In a nutshell, the Supreme Court said laws criminalizing the refusal of a warrantless breathalyzer test are constitutional. Blood tests, however, will require a warrant.
Here’s how we got there.
During the 2013 legislative session North Dakota lawmakers passed a number of laws to address drunk driving. Among the changes was a law which makes it illegal to refuse sobriety tests.
Previous to the reforms, refusing a test absent a warrant was met with a civil penalty in the form of action against your driving privileges. But the legislature upped the punishment to an actual crime on par with getting a DUI.
Section 39-20-01 of the North Dakota Century Code states, “refusal to take the test directed by the law enforcement officer is a crime punishable in the same manner as driving under the influence.”
The legislature basically made you automatically guilty of a DUI-equivalent crime if you refused blood test requested by an officer investigating a DUI.
Not surprisingly, the matter was challenged in court.
In October of 2014 one Danny Birchfield was found to have driven into the ditch. Mr. Birchfield is probably not the most sympathetic of defendants as he blew a .254 BAC in his breathalyzer test, making it pretty clear that he was inebriated. Later, however, he refused permission for a blood test and was charged with a Class B Misdemeanor under the aforementioned law.
Birchfield and his attorneys sought to have the criminal charge dismissed arguing that you cannot make it illegal to refuse a search. The district court disagreed, and Mr. Birchfield was convicted. The North Dakota Supreme Court upheld the conviction.
“We conclude the criminal refusal statute is not unconstitutional under the Fourth Amendment or N.D. Const. art. I, § 8,” wrote Justices Lisa Fair McEvers, Daniel J. Crothers, Dale V. Sandstrom, Carol Ronning Kapsner, Gerald W. VandeWalle in a unanimous opinion.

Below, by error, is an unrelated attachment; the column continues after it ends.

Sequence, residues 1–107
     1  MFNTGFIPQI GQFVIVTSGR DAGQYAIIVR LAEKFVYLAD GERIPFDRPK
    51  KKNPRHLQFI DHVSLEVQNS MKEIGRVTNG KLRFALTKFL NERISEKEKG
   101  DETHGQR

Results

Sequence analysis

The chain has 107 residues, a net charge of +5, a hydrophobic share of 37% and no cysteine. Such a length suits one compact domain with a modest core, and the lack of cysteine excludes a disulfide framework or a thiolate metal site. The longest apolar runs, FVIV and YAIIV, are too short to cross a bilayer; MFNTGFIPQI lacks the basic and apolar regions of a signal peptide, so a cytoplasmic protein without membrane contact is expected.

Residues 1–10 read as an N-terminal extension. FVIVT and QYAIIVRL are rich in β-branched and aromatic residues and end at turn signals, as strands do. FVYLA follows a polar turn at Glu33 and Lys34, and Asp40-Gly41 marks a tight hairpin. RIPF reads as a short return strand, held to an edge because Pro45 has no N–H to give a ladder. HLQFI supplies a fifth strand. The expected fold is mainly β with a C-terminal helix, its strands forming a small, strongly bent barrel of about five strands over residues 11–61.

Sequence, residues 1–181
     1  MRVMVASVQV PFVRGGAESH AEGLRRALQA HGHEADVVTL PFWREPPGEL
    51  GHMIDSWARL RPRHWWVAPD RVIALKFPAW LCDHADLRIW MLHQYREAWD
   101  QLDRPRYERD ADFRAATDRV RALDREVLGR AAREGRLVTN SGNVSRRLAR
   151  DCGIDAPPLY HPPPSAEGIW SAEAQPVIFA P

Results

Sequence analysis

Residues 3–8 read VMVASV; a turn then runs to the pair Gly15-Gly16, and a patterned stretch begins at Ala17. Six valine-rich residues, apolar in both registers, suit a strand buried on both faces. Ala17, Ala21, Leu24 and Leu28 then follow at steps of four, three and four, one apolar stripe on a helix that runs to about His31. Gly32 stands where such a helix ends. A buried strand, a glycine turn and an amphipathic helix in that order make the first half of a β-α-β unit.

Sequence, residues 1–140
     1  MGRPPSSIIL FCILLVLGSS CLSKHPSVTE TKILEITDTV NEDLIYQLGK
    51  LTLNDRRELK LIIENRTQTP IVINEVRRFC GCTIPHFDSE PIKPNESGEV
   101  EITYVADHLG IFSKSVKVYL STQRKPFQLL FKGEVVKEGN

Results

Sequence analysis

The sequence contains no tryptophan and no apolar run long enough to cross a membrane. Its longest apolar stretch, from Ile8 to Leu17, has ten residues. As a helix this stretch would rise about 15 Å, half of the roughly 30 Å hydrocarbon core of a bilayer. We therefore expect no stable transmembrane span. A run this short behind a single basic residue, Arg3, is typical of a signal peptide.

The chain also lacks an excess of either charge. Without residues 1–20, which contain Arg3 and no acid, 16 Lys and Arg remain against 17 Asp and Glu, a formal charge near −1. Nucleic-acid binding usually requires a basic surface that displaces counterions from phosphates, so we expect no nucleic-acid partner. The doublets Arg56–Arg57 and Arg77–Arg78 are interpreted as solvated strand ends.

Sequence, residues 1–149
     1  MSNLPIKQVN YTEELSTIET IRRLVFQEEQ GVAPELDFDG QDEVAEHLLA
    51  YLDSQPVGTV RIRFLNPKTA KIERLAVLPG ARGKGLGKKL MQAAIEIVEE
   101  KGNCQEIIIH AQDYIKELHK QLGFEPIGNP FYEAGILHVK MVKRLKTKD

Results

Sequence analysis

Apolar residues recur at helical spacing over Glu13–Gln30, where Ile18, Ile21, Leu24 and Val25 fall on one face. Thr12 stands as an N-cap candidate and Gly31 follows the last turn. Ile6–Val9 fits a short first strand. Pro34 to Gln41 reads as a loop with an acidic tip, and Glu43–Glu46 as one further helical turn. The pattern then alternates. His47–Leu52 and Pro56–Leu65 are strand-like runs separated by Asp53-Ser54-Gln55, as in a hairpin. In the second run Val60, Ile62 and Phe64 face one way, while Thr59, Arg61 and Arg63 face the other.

You can read the ruling in the State of North Dakota vs. Birchfield here.
The case was appealed to the U.S. Supreme Court, which accepted it along another case from North Dakota and one from Minnesota. In oral arguments attorneys for North Dakota and Minnesota pretty much bombed, so it is perhaps not surprising that the Justices came down against the states.
In the court’s majority opinion, Justice Sam Alito writes that criminalizing the refusal of a warrantless breath test is not unconstitutional because breath tests are minimally invasive and to declare them unconstitutional would put too great a burden on local courts which would inundated with requests for warrants for the tests. But Alito writes that criminalizing the refusal of a blood test is unconstitutional because blood tests are significantly more invasive, and besides the state already has the breath tests available to them.
Justice Sonia Sotomayor wrote a partial dissent. She wanted to go further and strike down laws criminalizing the refusal of breath tests as well. I tend to agree with that. So what if getting warrants for breath tests would be a pain in the ass for cops and judges? I don’t think we should set aside constitutional protections because complying with them is difficult.
I don’t think it should ever be a crime to refuse a warrantless government search. Call me old fashioned.
Anyway, for the Birchfield case specifically, the Supreme Court has overturned his conviction for refusing a warrantless blood test.
The other North Dakota case, involving Steve Michael Beylund, was remanded back to the state Supreme Court which will need to reconsider it in light of the Supreme Court ruling. Beylund consented to a warrantless blood test, but only after being told that refusing it was a crime.
The Minnesota case, involving William Robert Bernard, saw his conviction upheld because it involved the refusal of a warrantless breath test.